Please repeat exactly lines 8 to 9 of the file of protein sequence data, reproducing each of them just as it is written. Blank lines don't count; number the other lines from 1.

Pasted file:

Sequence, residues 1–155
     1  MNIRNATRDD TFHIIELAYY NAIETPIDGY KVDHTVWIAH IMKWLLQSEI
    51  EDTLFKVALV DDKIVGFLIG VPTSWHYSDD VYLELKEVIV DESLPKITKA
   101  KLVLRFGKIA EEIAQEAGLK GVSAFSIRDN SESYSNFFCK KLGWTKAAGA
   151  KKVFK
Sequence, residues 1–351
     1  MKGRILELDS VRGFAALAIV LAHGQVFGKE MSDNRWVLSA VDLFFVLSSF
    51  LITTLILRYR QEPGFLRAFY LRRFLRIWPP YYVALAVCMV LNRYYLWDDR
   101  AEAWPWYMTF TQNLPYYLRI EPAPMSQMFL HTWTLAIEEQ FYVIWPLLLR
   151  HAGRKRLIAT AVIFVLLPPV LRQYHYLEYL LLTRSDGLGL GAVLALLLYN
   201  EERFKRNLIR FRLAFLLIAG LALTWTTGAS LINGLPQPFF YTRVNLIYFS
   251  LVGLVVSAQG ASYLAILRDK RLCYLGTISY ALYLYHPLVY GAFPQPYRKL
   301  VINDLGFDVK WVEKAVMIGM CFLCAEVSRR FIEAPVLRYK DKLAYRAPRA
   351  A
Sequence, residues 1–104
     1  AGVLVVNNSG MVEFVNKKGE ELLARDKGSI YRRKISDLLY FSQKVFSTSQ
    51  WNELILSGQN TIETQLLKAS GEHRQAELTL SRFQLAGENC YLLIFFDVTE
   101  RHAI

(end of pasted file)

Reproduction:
    51  LITTLILRYR QEPGFLRAFY LRRFLRIWPP YYVALAVCMV LNRYYLWDDR
   101  AEAWPWYMTF TQNLPYYLRI EPAPMSQMFL HTWTLAIEEQ FYVIWPLLLR